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Plasmodium falciparum, TEM

Plasmodium falciparum, TEM

C032/0943

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Credit

DENNIS KUNKEL MICROSCOPY / SCIENCE PHOTO LIBRARY DENNIS KUNKEL MICROSCOPY / SCIENCE PHOTO LIBRARY

Caption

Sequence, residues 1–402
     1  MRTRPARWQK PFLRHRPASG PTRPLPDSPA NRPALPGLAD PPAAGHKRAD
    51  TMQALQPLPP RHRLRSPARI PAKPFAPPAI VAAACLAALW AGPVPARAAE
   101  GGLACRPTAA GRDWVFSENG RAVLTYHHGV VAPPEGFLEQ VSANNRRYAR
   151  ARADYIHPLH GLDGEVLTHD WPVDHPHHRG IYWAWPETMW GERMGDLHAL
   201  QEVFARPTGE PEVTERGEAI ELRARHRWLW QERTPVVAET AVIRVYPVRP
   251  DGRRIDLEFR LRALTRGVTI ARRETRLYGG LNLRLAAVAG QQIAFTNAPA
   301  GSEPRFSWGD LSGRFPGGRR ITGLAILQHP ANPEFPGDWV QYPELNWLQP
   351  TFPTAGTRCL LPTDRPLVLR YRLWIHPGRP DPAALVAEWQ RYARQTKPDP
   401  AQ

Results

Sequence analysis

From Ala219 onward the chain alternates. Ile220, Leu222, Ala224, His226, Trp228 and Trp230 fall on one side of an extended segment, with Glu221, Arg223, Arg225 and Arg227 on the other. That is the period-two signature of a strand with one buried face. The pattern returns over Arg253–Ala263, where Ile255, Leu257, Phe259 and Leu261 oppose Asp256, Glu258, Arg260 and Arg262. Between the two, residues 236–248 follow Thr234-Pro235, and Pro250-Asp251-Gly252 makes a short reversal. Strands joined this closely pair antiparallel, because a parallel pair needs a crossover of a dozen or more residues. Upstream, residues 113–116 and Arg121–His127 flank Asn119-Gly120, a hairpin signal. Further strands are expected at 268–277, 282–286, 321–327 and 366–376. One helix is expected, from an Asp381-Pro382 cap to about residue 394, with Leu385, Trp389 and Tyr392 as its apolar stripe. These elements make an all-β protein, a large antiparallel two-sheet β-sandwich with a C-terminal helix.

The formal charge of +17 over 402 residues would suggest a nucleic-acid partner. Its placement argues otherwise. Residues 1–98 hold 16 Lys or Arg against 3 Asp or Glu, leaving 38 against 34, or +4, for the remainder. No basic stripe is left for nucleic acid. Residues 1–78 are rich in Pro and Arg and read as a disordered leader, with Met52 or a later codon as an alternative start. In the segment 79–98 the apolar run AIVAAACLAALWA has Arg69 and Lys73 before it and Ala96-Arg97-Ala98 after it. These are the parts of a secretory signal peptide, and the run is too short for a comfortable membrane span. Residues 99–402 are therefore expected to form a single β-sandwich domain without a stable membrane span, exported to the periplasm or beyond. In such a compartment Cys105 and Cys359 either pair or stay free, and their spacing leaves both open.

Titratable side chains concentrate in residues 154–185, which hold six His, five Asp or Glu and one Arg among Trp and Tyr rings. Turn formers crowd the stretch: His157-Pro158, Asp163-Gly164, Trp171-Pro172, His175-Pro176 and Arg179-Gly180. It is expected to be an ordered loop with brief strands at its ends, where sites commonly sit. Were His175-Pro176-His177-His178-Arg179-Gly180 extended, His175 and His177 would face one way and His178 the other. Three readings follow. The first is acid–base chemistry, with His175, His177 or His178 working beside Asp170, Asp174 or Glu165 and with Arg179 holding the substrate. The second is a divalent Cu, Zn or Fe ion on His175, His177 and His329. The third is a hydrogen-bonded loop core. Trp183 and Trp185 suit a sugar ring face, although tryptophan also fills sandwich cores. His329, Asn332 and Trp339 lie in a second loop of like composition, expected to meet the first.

Plasmodium falciparum plasmodial young schizont infecting an erythrocyte (red blood cell), coloured transmission electron micrograph (TEM). The red blood cell membrane has small distinct knobs (dark pink) that are characteristic of the infection by certain strains of Plasmodium falciparum. The young schizont stage cytoplasm has a distinct food vacuole (light pink) with hemozoin pigment granules (burgundy). The cytoplasm contains two nuclei (blue), mitochondria (orange), ribosomes (red). Maurer's clefts (turquoise) can be seen in the haemoglobin-containing cytoplasm. Malaria is caused by Plasmodium spp., protozoa. It is spread to humans by Anopheles species mosquitoes. The plasmodial parasite reproduces asexually in red blood cells significantly destroying many of them. Release of mature Plasmodium merozoites results in further infection and produces bouts of shivering fever (paroxysms) and sweating that may be fatal. Magnification: x3,810 when.

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